Rails3 on Ubuntu! (Can Linux be a first class citizen?)

August 14, 2010 at 9:29 am (Apple, Free Software, Linux, Mac, Microsoft, Open Web, Opensource, Programming, Ruby, Ruby on Rails, Technology, Ubuntu) (, , , , , , )

I know there are people developing Ruby and Rails on Linux and probably a good number. I am a newbie to programming and while learning Ruby and Rails, besides being what I’m interested in, has become a good way for me to build real usable applications and not get bogged down in “hello world” land forever. Can anyone out there relate?

Anyway since I started using Linux about a year and a half ago I always hoped to eventually become a very active commiter to an opensource project(s). I just haven’t been able to get myself to a comfortable level to be helpful in the programming side of things and at times I get somewhat discouraged. Rails and Ruby has brought wind to my sails!

As I said I know there are Rails developers using Linux or more specifically Ubuntu. I also notice that at the very least the Mac is the primary platform being used by Rails and probably Ruby developers and I will admit I probably would do the same if I could afford it but that’s another story. I would like to find like minded people out there who are passionate to make Ubuntu a first class platform in the Rails community. To the point that when new developers or even wanna be developers come along that may be testing opensource or Linux they find that Ruby/Rails is Linux friendly to the point that the tutorials or blogs don’t have to always end with “I’m using Mac but there is probably some help on the web for Linux users”.

Let’s make a landing point for Ubuntu Rails developers and work together to keep packaging, tutorials, and overall community attention fresh and focused on making Ubuntu second to none when it comes to being used with other open source projects. I’ve said it myself before I know that the Mac has answered to alot of users concerns on the Linux desktop or can I say has become the best of both worlds for developers who want the Unix tools they would have with Linux but coupled it with a pleasing stable graphical desktop experience. Heck even Linux/Gnome developers are using Macs to develop free software. Now I don’t want this to be misunderstood as a Apple hater story it is far from that. I just believe that as an opensource platform what better scenario would there be to be able to develop in a first class setting, the software you know and love, and is also open source software. I know in a perfect world being able to use an open desktop with other open source software has got to be better for open source at large then open source software on a proprietary operating system.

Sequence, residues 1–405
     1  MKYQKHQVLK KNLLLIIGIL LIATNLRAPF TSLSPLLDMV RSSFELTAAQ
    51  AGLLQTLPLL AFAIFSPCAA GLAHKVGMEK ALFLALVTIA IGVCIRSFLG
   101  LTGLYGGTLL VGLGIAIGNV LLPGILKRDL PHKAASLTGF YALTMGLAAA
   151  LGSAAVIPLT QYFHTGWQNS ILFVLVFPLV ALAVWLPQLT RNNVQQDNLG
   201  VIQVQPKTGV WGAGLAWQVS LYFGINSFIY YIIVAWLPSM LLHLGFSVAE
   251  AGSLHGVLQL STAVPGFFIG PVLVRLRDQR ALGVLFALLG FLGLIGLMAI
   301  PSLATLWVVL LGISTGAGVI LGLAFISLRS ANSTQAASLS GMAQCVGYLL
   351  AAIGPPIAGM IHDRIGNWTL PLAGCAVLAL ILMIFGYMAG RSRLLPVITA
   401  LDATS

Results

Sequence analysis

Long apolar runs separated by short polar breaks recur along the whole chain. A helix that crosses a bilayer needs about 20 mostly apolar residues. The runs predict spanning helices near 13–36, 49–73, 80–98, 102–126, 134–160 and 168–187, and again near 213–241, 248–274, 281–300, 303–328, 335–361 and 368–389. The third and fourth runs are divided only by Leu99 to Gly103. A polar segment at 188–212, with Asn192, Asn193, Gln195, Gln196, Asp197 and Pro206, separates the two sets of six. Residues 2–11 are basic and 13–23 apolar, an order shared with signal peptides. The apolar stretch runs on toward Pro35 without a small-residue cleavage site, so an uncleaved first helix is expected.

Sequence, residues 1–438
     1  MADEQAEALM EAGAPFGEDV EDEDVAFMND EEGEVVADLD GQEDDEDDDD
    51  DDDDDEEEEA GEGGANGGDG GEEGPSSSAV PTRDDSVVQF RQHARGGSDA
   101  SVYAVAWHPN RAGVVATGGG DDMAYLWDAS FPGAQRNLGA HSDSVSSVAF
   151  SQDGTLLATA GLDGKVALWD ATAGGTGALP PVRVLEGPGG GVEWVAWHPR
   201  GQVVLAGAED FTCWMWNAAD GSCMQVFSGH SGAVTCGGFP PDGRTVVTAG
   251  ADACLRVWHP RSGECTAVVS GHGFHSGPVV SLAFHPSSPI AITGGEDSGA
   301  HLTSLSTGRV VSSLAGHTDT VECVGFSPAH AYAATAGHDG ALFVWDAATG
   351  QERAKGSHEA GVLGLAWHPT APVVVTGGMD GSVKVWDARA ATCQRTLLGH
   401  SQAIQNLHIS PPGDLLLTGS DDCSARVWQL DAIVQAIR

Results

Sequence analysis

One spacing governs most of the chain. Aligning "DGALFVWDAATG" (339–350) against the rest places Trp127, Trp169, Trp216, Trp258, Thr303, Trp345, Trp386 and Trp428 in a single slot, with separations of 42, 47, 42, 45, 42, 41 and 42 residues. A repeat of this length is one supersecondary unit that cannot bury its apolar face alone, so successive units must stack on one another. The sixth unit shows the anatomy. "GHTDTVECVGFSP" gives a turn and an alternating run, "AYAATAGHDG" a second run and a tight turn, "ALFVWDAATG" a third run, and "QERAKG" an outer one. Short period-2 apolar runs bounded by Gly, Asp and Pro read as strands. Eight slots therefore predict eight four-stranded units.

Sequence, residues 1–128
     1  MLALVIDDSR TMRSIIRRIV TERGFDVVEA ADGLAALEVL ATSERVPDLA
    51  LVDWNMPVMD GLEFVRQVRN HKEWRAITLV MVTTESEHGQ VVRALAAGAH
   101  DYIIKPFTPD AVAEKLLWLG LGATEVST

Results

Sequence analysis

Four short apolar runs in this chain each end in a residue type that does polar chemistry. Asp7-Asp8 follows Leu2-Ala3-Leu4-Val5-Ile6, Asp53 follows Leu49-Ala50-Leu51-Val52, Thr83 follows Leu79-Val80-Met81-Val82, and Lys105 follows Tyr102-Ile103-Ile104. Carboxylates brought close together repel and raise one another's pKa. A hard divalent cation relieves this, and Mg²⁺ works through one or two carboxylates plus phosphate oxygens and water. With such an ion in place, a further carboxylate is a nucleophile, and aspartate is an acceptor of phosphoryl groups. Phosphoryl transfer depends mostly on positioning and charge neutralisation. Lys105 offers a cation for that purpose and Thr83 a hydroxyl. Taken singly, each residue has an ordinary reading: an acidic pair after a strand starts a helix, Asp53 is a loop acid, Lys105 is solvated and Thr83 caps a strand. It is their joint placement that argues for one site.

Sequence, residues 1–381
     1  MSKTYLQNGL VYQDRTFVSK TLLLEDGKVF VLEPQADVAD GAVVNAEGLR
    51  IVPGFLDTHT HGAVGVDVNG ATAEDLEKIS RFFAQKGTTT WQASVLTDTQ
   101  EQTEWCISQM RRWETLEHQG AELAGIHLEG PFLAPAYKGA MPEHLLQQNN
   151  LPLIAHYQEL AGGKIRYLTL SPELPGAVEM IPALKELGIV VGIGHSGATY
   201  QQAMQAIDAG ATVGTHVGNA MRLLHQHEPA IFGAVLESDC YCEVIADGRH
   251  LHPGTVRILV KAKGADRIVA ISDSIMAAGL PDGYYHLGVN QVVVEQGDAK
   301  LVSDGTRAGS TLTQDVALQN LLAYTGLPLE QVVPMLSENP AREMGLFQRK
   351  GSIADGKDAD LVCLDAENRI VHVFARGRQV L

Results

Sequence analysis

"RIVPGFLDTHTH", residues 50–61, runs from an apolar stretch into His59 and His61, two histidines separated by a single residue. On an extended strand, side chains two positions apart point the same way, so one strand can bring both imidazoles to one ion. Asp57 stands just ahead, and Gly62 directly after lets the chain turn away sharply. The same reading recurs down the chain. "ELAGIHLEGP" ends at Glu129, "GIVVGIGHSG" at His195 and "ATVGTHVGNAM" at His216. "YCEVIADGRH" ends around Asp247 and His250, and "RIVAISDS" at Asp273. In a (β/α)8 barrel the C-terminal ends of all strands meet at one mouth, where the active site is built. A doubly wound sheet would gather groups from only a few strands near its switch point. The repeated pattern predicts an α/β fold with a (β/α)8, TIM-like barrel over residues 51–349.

Please don’t hesitate to contact me if you catch the vision. Let’s make Ubuntu the best answer to the Unix that so many are using the Mac for.(not to ignore some of the visual design things that I believe the Ubuntu community is working on as well.) Let’s keep open up and down the stack from the programming languages to the browsers to the desktop OS itself. We can do it with the same charisma that the Ruby community uses to make programmers happy using Ruby. Let’s make Ubuntu and Ruby/Rails the number one answer to the developers looking for the best answer to the questions they have. There are quite a few .Net and Windows developers all over the net talking about trying to get Ruby and Rails working on Windows let’s give them a reason why they don’t need to.

Thanks for listening


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Ubuntu 10.04,Ruby on Rails Tutorial v3 dependency fix!

August 8, 2010 at 5:27 am (Free Software, General Info, Linux, Opensource, Programming, Ruby, Ruby on Rails, Technology, Ubuntu, Web2.0)

I’ve been following the awesome Rails 3 tutorial by Michael Hartl at http://railstutorial.org/book. I highly recommend anyone wanting to learn Ruby or Rails (even some other languages thrown in as well) to go to this site and you will learn from a thoroughly professional free online gem of a book. I also¬†recommend¬†anyone who can, to purchase the PDF or hardcover that is being offered to show the appreciation for all the hard work put in to this by the author.

Anyway as I was working through Chapter 3 when setting up the initial gem file for bundler to install all the project’s dependencies I kept getting a screen full of errors. After reading the errors I noticed that the gem install was failing while installing the nokogiri package. After Googling as we all do I noticed on the Nokogiri web site that Ubuntu/Debian required two packages to install the nokogiri package. I was hesitant to install them through the normal apt-get packaging tool because I didn’t want the Ruby Version Manager setup to not be able to find the dependencies since the rubies I use through RVM are installed in my /home/me/.rvm directory. Well after installing the two dendencies the classic Debian/Ubuntu way I was pleasantly surprised that all was well and my gem installs were able to finish without a hitch allowing me to continue with the awesome tutorial.

The two packages needed on Ubuntu/Debian can be installed as follows:

sudo apt-get install libxslt-dev libxml2-dev

*the Nokogiri site has details for a fix without running the RVM setup, be careful not to follow as is on the site if you are using the tutorial as directed on the rails tutorial web site.

And as a reminder make sure RVM is setup as Michael instructs in the tutorial.

Just a few words of caution, when following the instructions for the setup at the beginning of the Rails tutorial be very careful to follow them word for word and with this dependency exception on Linux, everything else works as expected.

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